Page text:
We all know quite a bit of information about this week’s data breach over at the mega-brokerage, Total Quality Logistics. This could be attributed to award-worthy reporting by Freight Broker Live, but in reality, the brokerage itself deserves much of the praise – after taking steps to remain transparent and honest, while attempting to stay ahead of the fallout from the data breach.
We were the first media-outlet to report the data breach which was discovered late Sunday, February 23rd 2020. Earlier in the week, an observant member of the accounting department at the brokerage noticed a change with a carrier’s bank account, and attempted to verify the change with the carrier. Upon learning that the carrier did not make this change, the department forwarded a ticket to the IT department who uncovered the breach.
Some do not understand the differences between a hacking, randsom-ware attack, phishing, malware, and data breach, so we will do our best to school you. Hacking is the first step in all of these, as hacking is the effort to gain access to a system either through phishing or bruteforce. Once in the system, you have a data breach. A data breach is an incident in which information is accessed without authorization. What happens to that information after it is accessed determines what further classification it is.
How they got into TQL’s system is still debated. Was it through a phishing attempt, where a hacker attempts to get access to a system by sending fraudulent emails in hopes that someone will click a link, or reset a password or provide information which the hacker can use to access the system? Initial reports into Freight Broker Live seem to align with this. What they chose to do when they were in the system is interesting.
According to TQL, they suffered a breach which compromised their online portals for both carriers and customers. According to sources close to TQL, the hole(s) in the system were discovered within a matter of hours after discovering the initial breach. Following notification and publication laws for the State of Ohio, TQL quickly set together a plan of attack to handle the fallout of the breach. TQL created online “hotline” pages for both carriers and customers who were affected by the breach, set up dedicated teams internally to handle incoming calls and sent notification to all customers and carriers via the email addresses on file.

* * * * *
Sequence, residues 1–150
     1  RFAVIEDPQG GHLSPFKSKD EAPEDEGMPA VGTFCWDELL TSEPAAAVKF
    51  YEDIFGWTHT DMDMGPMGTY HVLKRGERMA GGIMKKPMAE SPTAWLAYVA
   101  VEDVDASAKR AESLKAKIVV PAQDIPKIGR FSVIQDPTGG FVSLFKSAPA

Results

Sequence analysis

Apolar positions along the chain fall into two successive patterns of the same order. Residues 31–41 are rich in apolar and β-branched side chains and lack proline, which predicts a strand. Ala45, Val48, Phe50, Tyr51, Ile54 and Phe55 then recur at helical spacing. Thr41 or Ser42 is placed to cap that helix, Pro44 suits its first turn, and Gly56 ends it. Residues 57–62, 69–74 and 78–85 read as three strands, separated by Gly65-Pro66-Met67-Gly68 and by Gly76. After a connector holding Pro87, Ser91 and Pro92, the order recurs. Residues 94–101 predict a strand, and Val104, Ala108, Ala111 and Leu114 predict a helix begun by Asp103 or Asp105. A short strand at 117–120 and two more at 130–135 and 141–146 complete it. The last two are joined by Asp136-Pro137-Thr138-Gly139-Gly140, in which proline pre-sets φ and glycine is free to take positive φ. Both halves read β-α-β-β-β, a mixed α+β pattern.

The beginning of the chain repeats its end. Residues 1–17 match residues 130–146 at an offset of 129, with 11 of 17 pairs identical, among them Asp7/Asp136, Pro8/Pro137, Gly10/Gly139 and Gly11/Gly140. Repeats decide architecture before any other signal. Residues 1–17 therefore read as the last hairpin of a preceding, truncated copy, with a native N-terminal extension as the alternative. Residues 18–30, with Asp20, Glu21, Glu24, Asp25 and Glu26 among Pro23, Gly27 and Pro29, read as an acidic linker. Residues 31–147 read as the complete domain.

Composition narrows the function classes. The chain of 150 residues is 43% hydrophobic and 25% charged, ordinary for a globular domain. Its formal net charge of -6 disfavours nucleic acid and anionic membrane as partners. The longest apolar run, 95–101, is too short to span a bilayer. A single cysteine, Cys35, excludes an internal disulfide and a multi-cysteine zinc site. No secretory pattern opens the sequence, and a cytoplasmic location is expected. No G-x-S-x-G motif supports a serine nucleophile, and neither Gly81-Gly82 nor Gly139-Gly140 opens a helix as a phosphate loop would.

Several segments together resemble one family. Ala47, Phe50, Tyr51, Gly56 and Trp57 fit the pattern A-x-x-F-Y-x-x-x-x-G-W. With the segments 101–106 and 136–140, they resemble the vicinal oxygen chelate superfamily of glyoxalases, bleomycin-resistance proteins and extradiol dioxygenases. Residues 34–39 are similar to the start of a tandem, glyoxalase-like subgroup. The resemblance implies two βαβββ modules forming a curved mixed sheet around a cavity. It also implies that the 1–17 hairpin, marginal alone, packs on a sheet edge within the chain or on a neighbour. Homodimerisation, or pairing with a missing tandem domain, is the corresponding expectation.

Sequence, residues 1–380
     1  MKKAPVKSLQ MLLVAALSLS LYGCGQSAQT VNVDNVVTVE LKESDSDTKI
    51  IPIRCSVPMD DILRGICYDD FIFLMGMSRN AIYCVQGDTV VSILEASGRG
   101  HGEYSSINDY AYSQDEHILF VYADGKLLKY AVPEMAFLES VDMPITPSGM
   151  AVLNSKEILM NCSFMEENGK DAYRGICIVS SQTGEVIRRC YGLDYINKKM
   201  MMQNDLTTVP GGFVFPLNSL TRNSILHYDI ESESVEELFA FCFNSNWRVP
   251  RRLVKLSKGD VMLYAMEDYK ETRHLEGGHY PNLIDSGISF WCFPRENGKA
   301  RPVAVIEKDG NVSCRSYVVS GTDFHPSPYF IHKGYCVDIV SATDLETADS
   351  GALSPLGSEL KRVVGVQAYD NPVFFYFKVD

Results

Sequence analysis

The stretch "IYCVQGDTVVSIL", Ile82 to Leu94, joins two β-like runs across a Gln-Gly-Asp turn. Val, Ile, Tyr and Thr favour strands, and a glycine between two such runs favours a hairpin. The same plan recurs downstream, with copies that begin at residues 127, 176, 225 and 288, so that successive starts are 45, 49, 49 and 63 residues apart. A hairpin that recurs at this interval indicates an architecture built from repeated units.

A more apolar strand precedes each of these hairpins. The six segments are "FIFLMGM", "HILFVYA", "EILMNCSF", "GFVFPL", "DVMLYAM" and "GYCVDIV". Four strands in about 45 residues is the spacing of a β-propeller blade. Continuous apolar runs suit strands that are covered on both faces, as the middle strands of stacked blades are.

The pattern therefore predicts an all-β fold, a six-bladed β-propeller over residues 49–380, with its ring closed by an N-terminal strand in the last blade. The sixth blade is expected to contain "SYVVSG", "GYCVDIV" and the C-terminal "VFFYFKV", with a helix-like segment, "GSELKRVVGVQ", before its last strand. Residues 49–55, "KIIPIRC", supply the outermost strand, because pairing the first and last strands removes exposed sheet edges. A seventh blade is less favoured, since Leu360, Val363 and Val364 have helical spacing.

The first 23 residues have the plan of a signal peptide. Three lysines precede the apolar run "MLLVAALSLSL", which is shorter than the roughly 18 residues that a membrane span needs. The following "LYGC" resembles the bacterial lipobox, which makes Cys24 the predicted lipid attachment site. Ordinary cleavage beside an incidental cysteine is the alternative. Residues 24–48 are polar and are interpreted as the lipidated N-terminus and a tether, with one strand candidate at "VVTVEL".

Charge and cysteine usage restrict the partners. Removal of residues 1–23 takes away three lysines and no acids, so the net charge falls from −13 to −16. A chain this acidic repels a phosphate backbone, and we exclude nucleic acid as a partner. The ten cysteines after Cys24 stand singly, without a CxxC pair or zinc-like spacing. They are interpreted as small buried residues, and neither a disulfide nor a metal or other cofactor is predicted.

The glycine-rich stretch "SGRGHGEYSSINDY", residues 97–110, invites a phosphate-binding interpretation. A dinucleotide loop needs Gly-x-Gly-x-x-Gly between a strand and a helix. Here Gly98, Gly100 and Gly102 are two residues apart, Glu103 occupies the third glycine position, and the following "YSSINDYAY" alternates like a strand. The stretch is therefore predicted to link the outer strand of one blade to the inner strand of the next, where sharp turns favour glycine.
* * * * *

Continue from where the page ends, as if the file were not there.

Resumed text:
The folks at TQL did a great job handling the breach in the opinion of Freight Broker Live… so far. They identified the problem, hired professionals to eradicate the problem, handled the notification of the breach to those affected, and brought in law enforcement to find and punish the bonehead(s) behind the breach. We still have questions on what will happen going forward, and we will probably find out sooner or later, maybe. What we do not know what the hackers are looking to do with the information they accessed, outside of the handful of cases where they committed ACH theft (reportedly changing the banking information of carriers to a fraudulent account, in which TQL later remitted payment for invoices owed).
As we know, there have been several hacking related incidents in the past year affecting trucking and logistics related companies. The most recent was Truckstop.com, who suffered a ransom-ware attack last year resulting in the complete shutdown of all its products and services for several days. The drivers who rely on Truckstop’s load boards….well, completely freaked out as they could not utilize the load board to find freight (why a driver would rely solely on one board is still mind-boggling to us, but that is for another day). Truckstop.com eventually revived their system and is back operational.
The truth regarding these types of incidents is that no matter the time, money, and resources a company spends to try and secure data, there is someone hiding in the shadows working harder to find a way to find a way in. As the logistics industry continues to move towards technology and automation, it is something we all must take seriously as there will always be someone out there looking to exploit any vulnerability they can find. Why? Because people suck.
If you find that your system was breached, follow the example set by TQL, whether you like them or not. In our eyes, they did an excellent job in getting the news out to those affected. If TQL’s CEO treats the search for those responsible with the same ruthless (to some) approach he used to build the largest private freight-brokerage in the country, those responsible for the breach are likely praying they will never be found.
If you have additional questions and are a carrier with TQL you can visit their portal by clicking here.
If you are a customer and have questions you can visit the customer hotline portal by clicking here.